The Government carefully monitors the activities of Saudi diplomats in Australia, who are believed to directly pay the wages of selected imams in Australia. One of these imams, Mohammed Swaiti, was removed this month as the spiritual head of Canberra's Abu Bakr Mosque amid claims he was too radical in his teachings.

In January, the reconstruction of Adelaide's Park Holme mosque was halted when planned Saudi funding was withdrawn by the Saudi Government after DFAT expressed concerns about the project. The mosque is considered Adelaide's most radical prayer centre. It was frequented by an Australian Iraqi Kurd, Warya Kanie, who was captured in Baghdad in October and detained for engaging in anti-coalition activities.

Similarly, Saudi funding of Sydney's Belmore mosque was halted in 2004 after concerns were expressed about the mosque's links with radical sheik Abdul Salam Mohammed Zoud.

The Saudi embassy did not return calls from The Australian yesterday.

Tuesday, May 15, 2007

Restricted Nazi archive to be opened

From THE JERUSALEM POST, May. 15, 2007, by Associated Press...

Diplomats from 11 countries agreed Tuesday to bypass legal obstacles and begin distributing electronic copies of documents from a restricted Nazi archive, making them available to Holocaust researchers for the first time in more than a half century.

The countries governing the archive, kept by the International Tracing Service, voted to begin transferring scanned documents as soon as they are ready so that receiving institutions can begin preparing them for public use. The decision circumvents the requirement to withhold the documents until all 11 countries ratify the 2006 treaty amendments that enabled the unsealing of the documents. Ratification is still pending in four countries, and Tuesday's vote was likely to shave several months from the distribution timetable.

Yad Vashem, which sent a representative to the meeting, welcomed the decision. "I am delighted to see this project moving forward," said the memorial's director Avner Shalev.
Until now, the files maintained in the central German town of Bad Arolsen have been used to track missing people, reunited families, and later to validate restitution claims. The Tracing Service is an arm of the International Committee of the Red Cross.

Three countries, the United States, France and Germany, pledged to donate hundreds of thousands of dollars to offset costs for preparing and transmitting the papers, said the delegate.
The decision to expedite the transfer to national archives in the 11 nations was meant to avoid further delays in allowing Holocaust survivors to find their own stories and family histories, and for historians to seek new insights into Europe's darkest period.

The archive contains Nazi records on the arrest, transportation, incarceration, forced labor and deaths of millions of people from the year the Nazis built their first concentration camp in 1933 to the end of the war. It also has a vast collection of postwar records from displaced persons camps. The name index refers to 17.5 million victims, and the documents fill 25 linear kilometers of shelves. But the archive is indexed according to names, making it difficult to use them for historical research.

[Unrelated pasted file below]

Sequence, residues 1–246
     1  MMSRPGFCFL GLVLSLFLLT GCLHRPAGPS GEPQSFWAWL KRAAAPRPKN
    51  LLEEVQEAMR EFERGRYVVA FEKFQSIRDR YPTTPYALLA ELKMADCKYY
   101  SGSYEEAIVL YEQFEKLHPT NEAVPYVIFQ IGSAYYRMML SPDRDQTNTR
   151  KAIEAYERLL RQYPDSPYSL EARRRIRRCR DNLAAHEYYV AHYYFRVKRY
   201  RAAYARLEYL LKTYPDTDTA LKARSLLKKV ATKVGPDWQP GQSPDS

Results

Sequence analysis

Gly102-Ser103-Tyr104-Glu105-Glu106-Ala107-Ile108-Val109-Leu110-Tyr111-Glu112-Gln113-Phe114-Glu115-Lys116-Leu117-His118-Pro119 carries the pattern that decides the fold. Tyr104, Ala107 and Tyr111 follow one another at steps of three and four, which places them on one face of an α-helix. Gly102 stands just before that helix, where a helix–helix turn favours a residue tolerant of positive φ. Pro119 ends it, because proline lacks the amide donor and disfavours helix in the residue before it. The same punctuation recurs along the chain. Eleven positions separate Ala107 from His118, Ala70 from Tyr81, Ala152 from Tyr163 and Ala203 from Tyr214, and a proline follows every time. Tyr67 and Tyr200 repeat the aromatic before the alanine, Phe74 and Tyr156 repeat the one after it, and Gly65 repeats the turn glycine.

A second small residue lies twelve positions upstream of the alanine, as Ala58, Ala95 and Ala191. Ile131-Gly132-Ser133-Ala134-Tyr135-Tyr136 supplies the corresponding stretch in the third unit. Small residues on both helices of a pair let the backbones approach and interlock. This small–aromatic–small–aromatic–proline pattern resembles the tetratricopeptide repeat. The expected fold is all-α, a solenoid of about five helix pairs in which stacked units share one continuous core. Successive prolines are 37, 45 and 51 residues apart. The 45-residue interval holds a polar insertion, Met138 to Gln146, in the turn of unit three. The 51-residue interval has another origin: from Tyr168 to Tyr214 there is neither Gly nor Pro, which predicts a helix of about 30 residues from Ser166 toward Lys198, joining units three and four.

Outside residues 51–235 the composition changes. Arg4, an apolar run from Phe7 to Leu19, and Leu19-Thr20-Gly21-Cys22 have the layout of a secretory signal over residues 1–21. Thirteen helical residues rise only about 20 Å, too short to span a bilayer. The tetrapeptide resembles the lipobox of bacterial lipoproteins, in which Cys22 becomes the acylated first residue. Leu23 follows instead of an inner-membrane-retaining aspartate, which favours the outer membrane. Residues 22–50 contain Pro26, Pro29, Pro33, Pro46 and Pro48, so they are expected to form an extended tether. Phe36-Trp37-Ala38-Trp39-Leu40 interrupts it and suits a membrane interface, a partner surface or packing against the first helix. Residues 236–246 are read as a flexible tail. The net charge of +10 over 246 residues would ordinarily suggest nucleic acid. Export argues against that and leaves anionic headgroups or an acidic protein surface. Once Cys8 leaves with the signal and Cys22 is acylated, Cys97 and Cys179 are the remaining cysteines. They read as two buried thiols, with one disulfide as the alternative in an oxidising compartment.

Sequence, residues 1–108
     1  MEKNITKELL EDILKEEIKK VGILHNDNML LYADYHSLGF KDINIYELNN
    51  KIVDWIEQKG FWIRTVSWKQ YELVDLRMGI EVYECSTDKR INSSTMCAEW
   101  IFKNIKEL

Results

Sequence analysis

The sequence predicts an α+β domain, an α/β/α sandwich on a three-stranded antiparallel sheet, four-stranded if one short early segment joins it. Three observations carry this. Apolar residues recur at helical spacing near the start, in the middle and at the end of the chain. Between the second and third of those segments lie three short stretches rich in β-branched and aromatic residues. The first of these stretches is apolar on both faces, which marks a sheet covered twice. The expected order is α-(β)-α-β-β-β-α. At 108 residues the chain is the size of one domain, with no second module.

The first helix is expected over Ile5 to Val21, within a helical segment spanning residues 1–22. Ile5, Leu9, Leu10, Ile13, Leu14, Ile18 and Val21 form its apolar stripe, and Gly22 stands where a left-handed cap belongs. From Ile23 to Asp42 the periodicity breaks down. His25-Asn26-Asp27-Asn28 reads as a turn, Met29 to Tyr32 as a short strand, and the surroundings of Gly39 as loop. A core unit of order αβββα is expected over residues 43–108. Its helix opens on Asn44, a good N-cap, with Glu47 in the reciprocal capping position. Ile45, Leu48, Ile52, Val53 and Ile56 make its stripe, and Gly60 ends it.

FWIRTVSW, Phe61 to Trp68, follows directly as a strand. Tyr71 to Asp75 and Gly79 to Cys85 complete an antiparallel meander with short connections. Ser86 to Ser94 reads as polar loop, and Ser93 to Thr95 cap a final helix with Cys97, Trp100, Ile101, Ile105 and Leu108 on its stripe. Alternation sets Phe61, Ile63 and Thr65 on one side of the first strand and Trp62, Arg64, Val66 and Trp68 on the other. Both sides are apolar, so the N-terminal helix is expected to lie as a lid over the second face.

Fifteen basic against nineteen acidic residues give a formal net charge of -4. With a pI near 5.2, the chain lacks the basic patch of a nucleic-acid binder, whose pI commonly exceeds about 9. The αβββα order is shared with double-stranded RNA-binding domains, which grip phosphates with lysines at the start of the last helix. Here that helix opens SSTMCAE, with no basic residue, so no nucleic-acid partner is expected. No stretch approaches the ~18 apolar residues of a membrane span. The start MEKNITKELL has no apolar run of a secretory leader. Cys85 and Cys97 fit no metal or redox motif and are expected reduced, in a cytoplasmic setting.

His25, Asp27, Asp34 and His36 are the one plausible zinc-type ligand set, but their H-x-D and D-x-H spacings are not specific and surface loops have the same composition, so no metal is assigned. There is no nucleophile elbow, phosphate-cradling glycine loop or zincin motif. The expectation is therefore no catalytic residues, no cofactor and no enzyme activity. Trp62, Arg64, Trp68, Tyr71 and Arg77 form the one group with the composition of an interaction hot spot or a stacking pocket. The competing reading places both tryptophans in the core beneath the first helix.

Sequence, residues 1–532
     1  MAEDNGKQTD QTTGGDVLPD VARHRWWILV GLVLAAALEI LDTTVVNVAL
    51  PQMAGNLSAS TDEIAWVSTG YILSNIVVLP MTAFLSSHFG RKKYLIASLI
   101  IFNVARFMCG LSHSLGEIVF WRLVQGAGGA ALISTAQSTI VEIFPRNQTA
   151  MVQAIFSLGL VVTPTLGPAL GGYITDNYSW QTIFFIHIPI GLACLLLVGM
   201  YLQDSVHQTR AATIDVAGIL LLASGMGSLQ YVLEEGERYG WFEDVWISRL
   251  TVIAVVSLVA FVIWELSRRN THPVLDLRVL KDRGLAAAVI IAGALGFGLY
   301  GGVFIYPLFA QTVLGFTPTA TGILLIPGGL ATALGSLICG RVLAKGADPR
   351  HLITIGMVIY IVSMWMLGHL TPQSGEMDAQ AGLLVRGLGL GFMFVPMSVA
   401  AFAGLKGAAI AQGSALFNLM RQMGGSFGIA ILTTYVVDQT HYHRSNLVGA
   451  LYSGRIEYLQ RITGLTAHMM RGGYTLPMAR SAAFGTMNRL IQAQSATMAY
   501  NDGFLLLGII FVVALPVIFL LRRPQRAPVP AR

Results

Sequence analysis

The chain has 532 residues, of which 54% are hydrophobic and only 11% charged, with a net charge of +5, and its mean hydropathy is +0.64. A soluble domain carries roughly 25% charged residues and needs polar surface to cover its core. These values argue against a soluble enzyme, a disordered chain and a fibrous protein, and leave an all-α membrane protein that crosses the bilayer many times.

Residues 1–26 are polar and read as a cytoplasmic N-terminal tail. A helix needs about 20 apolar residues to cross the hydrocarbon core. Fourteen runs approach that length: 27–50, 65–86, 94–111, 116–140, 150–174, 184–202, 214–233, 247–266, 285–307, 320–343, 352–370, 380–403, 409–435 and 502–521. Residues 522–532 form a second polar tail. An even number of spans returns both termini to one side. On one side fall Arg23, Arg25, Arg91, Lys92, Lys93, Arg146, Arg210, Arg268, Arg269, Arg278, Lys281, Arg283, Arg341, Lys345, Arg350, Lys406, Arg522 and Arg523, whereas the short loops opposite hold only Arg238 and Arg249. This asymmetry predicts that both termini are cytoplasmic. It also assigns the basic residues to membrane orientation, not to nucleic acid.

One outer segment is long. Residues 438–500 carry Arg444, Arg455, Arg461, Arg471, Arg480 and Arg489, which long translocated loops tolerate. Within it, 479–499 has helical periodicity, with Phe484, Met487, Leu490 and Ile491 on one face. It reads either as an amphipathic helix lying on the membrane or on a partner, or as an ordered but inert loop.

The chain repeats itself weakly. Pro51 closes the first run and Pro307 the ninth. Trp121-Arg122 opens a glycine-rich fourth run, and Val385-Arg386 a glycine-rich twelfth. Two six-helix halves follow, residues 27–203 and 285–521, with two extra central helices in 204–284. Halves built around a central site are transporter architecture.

Seized by the Allies from concentration camps and Nazi offices after of the war, the files were closed under a 1955 agreement to protect the privacy of survivors and the reputation of the dead who may have undergone humiliating medical experiments or been falsely accused of crimes. Last year's amendments to the 1955 accords, reached after years of negotiation and resistance by several members, stipulated that some privacy guarantees remain. A single copy of the documents would be available for each of the 11 member states to be used "on the premises of an appropriate archival repository."

Each government was expected to take into account "the sensitivity of certain information" the files may contain, the new agreement said. But some US survivors expressed dismay that the documents will remain restricted to a single place, namely the US Holocaust Memorial Museum in Washington, and that they won't have unfettered access.

"I'm anxious, because 105 people from my immediate family did not make it. I am the only survivor," said David Schaecter, of Miami, Florida. "How do I obtain what I am rightfully entitled to obtain (to know) what happened to these 105 people," he said.

Earlier at the meeting, delegates worked out a detailed arrangement for historians to use the original files at their home location in Bad Arolsen, where there is no facility to assist outside researchers. The archive is subject to German privacy laws, which are more strict than laws in the United States and some other countries.

In addition to the United States, Israel and France indicated they also would seek copies.
The seven countries that have ratified the treaty amendments are the United States, Israel, Poland, Germany, Belgium, the Netherlands and Britain. Endorsement was awaited from Luxembourg, Greece, Italy and France.

Hamas Kindergarten saga continues